I once had a medieval studies professor who required us to watch particular Hollywood movies as fodder for class discussion. We watched stuff like Ben-Hur and The Name of the Rose. He would open the class by asking us what we thought of the movie and would gradually segue into a lecture on the period in which the movie was set. As a teaching tool, it was genius; most people actually did watch the movies, and the resulting discussions--which the professor deftly managed to focus on the relevant historical topics as opposed to the fictional elements of the plot--were animated and interesting.
Unfortunately, most other history profs I've met have turned their noses up at period movies when I've asked about them. The common complaints seem to be that the screenplays are rife with inaccuracies (certainly true) and that too many laypeople are content to consume them as documentaries (probably true).
Fair enough. For my part, though, I'd rather see Jane or Dick watch King Arthur or Master and Commander and become minimally aware of the real times and places those films reference than have them remain completely ignorant. If we're lucky, they'll take enough of an interest to do some reading and learn a little bit. This might be difficult to see from the top of the ivory tower, but laypeople reading about something they first saw on a movie screen is ultimately good for the field of study.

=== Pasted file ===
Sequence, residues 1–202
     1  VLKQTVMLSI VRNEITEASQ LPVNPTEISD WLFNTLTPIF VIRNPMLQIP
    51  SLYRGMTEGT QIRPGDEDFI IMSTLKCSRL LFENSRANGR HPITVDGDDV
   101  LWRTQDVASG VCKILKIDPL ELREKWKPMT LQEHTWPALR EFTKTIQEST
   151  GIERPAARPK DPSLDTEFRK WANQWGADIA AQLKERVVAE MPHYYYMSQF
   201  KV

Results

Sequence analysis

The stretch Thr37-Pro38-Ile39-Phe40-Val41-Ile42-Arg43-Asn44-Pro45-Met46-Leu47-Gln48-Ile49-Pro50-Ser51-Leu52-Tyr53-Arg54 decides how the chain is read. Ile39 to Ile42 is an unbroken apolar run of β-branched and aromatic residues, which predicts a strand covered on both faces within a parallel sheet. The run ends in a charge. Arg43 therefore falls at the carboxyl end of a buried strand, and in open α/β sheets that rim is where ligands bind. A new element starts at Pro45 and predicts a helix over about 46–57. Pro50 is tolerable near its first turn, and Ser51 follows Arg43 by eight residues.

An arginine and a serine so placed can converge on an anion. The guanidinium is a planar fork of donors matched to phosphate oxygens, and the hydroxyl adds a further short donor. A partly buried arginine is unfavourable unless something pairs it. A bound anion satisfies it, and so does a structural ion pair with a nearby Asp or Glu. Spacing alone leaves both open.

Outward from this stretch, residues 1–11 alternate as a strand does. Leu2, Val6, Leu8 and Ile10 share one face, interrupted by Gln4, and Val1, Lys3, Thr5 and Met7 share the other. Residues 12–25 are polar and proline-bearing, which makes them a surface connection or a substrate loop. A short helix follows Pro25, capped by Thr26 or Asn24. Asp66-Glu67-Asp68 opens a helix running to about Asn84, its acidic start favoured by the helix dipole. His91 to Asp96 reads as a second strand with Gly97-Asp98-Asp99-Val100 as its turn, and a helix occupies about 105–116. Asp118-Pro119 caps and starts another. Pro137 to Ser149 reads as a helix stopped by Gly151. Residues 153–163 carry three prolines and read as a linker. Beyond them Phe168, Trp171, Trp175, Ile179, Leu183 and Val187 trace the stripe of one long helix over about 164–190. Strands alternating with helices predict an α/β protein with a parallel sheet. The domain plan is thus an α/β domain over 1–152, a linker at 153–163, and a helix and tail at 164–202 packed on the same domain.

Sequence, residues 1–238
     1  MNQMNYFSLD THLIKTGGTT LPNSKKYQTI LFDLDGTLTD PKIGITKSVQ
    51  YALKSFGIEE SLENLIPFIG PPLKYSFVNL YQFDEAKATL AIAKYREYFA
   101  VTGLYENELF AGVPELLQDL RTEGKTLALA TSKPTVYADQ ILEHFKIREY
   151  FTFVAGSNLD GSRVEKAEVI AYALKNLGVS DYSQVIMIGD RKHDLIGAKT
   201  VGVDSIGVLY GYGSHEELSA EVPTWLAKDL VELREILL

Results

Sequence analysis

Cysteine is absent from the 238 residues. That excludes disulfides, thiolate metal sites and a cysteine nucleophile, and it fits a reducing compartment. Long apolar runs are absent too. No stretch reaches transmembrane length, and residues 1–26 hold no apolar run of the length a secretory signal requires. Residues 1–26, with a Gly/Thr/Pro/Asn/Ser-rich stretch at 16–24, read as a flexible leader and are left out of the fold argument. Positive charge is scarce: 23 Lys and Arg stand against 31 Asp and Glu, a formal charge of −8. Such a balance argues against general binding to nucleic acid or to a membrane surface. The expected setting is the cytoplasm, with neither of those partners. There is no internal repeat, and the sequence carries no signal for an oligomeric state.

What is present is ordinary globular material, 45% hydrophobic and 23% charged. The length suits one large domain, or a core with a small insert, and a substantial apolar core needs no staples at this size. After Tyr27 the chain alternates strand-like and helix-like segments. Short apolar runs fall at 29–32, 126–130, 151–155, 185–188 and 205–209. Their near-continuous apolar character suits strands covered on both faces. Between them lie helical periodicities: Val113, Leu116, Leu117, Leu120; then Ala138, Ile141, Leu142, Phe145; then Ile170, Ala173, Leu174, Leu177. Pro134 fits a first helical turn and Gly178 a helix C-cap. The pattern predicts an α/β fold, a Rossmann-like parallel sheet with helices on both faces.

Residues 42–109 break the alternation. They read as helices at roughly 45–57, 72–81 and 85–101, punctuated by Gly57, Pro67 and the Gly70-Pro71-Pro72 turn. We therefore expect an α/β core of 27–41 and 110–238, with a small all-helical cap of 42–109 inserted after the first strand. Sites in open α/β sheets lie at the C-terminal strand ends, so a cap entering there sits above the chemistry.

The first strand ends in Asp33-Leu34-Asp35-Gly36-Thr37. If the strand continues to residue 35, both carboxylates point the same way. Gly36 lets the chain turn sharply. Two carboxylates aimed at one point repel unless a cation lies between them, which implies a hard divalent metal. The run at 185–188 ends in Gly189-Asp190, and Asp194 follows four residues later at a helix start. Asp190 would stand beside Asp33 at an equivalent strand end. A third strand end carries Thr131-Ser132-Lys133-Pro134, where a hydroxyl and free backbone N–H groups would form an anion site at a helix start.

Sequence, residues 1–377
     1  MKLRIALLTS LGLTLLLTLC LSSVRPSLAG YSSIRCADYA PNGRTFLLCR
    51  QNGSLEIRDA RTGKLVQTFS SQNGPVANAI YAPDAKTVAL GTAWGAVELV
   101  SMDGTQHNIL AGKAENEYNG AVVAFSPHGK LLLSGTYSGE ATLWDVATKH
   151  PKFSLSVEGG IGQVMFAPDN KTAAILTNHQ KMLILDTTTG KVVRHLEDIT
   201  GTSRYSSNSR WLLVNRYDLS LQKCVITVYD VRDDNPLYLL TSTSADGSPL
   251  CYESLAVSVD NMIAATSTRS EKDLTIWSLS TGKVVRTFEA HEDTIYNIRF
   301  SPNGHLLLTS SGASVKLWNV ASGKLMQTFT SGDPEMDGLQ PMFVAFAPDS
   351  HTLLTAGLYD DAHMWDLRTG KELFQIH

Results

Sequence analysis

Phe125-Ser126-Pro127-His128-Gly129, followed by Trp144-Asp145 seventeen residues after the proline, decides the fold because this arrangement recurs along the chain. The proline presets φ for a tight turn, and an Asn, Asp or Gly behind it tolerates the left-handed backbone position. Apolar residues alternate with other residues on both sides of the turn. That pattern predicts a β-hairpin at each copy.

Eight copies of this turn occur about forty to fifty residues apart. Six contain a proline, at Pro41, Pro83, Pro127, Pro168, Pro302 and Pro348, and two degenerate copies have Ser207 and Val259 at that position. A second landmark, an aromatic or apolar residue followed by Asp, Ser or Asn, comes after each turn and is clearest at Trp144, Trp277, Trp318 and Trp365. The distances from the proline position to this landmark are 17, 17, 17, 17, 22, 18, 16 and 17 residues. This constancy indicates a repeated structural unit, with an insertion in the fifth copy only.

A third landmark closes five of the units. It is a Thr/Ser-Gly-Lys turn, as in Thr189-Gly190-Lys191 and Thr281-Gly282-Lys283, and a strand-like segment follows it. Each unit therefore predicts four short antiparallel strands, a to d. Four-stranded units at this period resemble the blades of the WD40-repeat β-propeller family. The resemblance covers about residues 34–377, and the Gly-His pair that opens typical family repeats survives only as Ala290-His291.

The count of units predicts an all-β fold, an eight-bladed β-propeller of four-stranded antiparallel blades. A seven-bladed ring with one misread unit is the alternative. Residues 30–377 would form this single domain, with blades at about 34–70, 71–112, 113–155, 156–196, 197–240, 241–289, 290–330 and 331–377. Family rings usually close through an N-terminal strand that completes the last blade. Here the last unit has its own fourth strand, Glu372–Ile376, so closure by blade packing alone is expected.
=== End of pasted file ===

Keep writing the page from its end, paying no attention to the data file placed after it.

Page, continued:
With that in mind, I'm excited about the new Elizabeth movie that's coming to HBO soon. I shouldn't call it new, exactly, because it aired in the UK last year, but few people over here have seen it. It covers a period 20-30 years after the setting of the 1998 movie starring Cate Blanchett, and with a running time of 240 minutes I'm hoping that the filmmakers have explored a lot of ground. Speaking of the 1998 movie, it was announced last week that a sequel is in the works. You don't usually (if ever, now that I think about it) see sequels to docudramas like Elizabeth. It's a testimony to the endurance of the title character as an icon of a particular ideal of Englishness...but that's a whole other post, and one I'm not really qualified to write yet.